“Well, howdy there, Dan!” Peep exclaimed at the tavernkeeper, as she pushed the wolfhead off of hers. “Ye remember me? I was in here not a month ago, with that cocksucker Orcstabber!”

Everyone in the joint was frozen in place, as Knuckle and Choke took up position to either side of Peep. Pinch moved laterally behind them with his bow held lose in his hand until he had an angle on everyone.

“Ahhhhh. Yeah. I remember ye. But I’m sorry, ma’am: slipped my mind what it was they called ye,” Dan, the tavernkeeper, said.

“They called me Peep. But I’ve since been christened up all good and proper into the fold of the Stronian faith. So now I’m Otilla.”

“Okay. Otilla. Well, we’ve heard of ye since, that’s for sure. I suppose what we’ve been hearing is true, then. That the slip of a girl we seen with Orcstabber was the same one that did him in, and then went on to become Otilla of the Holy Fire.”

“That is true. Ye forgot that I killed Horsecock and helped them that did Goldy in the same fray. And then that we cleaned out the Callic Old Mill. That was a nasty piece of work, that. Bigass spider monsters sucking people dry. Bit touch and go for a minute there, that job, I don’t mind saying,” Peep said with a grin.

“Yar right. I did forget all that. Well, what can we do for ye today, Otilla?” Dan asked, his voice neutral.

“Oh, just a drink I’d say, Dan. We’ve come all the way from Callic and sure could use one. And a bit of a chat, I suppose.”

“Well, then, yar all welcome. Have a seat.”

Peep went to the bar, set down her Scythan bowcase and quiver and saddlebags, and perched lightly on a barstool, leaving her shortbow case and quiver in place on her back. As she sat, she pulled her cloak away from her shortsword on her left hip and adjusted the weapon so that its hilt was set ideally for a quickdraw.

“And one for the bar, too. Whatever they’ve been having,” Peep said.

This gesture of goodwill brought no cheer from its recipients, but a number of them did nod Peep’s way in thanks.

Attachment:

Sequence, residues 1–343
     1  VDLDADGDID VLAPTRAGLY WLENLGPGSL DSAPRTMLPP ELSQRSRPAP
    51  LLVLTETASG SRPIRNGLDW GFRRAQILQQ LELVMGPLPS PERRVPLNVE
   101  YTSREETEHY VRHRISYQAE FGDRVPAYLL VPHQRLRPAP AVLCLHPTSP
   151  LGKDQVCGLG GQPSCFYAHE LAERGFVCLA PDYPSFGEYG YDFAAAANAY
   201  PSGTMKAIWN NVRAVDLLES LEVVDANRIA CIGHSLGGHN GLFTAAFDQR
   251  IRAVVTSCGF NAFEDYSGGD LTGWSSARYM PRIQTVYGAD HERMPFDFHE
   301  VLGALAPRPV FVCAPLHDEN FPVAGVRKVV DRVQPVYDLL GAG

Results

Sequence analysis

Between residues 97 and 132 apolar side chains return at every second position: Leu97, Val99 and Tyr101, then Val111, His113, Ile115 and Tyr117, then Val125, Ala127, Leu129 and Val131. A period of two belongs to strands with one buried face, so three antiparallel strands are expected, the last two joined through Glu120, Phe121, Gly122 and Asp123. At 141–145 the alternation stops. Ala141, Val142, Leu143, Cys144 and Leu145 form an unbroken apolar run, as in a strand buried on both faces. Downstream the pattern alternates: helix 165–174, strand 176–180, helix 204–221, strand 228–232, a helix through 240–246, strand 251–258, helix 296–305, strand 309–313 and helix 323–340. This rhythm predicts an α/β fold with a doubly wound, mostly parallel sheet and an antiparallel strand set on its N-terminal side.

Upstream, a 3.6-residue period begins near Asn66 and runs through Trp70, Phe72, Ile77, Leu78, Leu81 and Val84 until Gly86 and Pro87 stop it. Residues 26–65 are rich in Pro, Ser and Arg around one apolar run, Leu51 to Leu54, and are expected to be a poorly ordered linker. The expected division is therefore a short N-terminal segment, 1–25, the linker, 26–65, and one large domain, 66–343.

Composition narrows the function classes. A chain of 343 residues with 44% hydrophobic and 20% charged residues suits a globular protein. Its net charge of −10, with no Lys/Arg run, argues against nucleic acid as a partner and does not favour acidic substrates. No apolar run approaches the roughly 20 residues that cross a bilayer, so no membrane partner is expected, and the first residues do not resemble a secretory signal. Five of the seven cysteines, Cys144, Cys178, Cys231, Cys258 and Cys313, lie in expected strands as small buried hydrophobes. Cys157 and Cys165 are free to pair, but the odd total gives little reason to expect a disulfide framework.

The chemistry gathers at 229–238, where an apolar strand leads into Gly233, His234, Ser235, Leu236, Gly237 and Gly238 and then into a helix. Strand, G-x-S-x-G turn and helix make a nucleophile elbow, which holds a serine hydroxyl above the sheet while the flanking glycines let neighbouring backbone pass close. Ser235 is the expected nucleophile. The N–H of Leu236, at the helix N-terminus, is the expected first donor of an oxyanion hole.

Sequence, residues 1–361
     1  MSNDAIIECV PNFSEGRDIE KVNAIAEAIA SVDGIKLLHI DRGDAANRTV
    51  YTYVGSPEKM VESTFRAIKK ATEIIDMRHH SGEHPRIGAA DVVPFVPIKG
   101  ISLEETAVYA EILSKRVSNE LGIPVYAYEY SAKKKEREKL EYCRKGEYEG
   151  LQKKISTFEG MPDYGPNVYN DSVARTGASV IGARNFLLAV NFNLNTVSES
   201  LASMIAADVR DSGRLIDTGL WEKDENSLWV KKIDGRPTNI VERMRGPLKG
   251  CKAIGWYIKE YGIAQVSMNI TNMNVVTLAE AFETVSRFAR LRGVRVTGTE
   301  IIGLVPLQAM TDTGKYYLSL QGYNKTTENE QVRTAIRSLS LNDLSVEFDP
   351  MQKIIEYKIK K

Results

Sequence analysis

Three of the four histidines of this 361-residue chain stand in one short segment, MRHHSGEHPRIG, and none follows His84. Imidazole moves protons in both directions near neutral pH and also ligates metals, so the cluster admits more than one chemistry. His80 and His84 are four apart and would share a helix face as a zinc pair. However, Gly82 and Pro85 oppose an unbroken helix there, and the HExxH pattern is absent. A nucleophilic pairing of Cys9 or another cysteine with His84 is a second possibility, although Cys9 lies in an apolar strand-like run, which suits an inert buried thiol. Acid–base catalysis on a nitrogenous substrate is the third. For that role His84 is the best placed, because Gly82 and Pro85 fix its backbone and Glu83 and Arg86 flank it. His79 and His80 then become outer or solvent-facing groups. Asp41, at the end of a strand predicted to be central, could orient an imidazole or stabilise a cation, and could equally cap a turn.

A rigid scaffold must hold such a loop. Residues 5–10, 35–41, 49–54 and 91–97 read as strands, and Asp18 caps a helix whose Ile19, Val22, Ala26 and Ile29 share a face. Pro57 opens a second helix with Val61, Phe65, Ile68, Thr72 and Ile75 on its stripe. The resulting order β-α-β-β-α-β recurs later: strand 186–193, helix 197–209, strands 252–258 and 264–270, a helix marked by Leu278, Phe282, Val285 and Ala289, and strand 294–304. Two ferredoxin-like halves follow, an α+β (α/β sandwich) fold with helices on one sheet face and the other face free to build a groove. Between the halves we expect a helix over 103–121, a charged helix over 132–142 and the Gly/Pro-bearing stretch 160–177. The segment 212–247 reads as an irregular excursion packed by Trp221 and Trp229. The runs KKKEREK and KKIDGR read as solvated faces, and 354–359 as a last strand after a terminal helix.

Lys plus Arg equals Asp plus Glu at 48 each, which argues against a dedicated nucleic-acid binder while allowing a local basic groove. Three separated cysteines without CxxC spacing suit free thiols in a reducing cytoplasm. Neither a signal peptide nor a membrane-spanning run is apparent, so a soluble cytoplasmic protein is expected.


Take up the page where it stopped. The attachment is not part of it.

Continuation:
“And ye all can settle down, boys,” Peep addressed the room, her voice loud. “We aint here looking for anyone. Unless ye got that cocksucker Alan Mason hiding in yar stables!”

Knuckle and Choke sat down to either side of Peep, their faces set like stone as they eyeballed every man in the room. Pinch took a seat a little further down the bar, where he had a better angle on the table of three woodsmen that had taken particular notice of Peep’s horse and bow.

Once all the drinks had been served, Peep raised hers to the room and took a big pull. She unleashed a wicked belch as she set the stein down.

“So!” Peep said loud. “Alan ‘the Cocksucker’ Mason! Did he come through here today? Or yesterday?”

No one in the bar would meet her eye, so she turned to smile brightly at Dan the tavernkeeper.

“No, we haven’t seen him and his lot since they lit outta here chasing ye lot on the road to Bristlehump. That were, what? Over a week ago now, weren’t it?”

“Yeah, that would be about right, Dan. Maybe ten days, or so. Now, I suppose that means that none a ye have heard what happened up Callic way yesterday, then,” Peep said.

“No, we haven’t heard. But I reckon we could guess,” said Dan.

“Well, ye don’t have to guess. Cause I’m here to tell ye. Captain Fairchild came up and put Alan and all his boys under arrest. Hanged three of them. Who was it he hanged, Pinch?”

“Well, one of them was just an example to the others and we didn’t catch his name. The other two were, Bobby Biggs and Sticky Pete.”

“Right ye are, Pinch. Thank ye. Bobby Biggs and Sticky Pete,” Peep said loudly. “They’re up there in Callic, still dangling from that tree. But I will say: they were right tough cunts about it. Real brave. Made me proud to have once been their type myself!”

Peep took a long moment to look over everyone and see who might be inclined to meet her eye. No one was, so she continued: